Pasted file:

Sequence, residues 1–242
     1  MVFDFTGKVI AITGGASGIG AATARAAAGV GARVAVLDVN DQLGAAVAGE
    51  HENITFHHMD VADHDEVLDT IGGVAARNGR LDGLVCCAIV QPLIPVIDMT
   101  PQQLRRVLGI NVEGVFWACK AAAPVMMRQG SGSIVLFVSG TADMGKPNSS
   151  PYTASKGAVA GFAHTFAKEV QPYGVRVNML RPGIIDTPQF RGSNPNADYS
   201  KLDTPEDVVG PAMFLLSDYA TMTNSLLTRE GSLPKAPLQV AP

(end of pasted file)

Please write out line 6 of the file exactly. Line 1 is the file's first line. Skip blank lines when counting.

   201  KLDTPEDVVG PAMFLLSDYA TMTNSLLTRE GSLPKAPLQV AP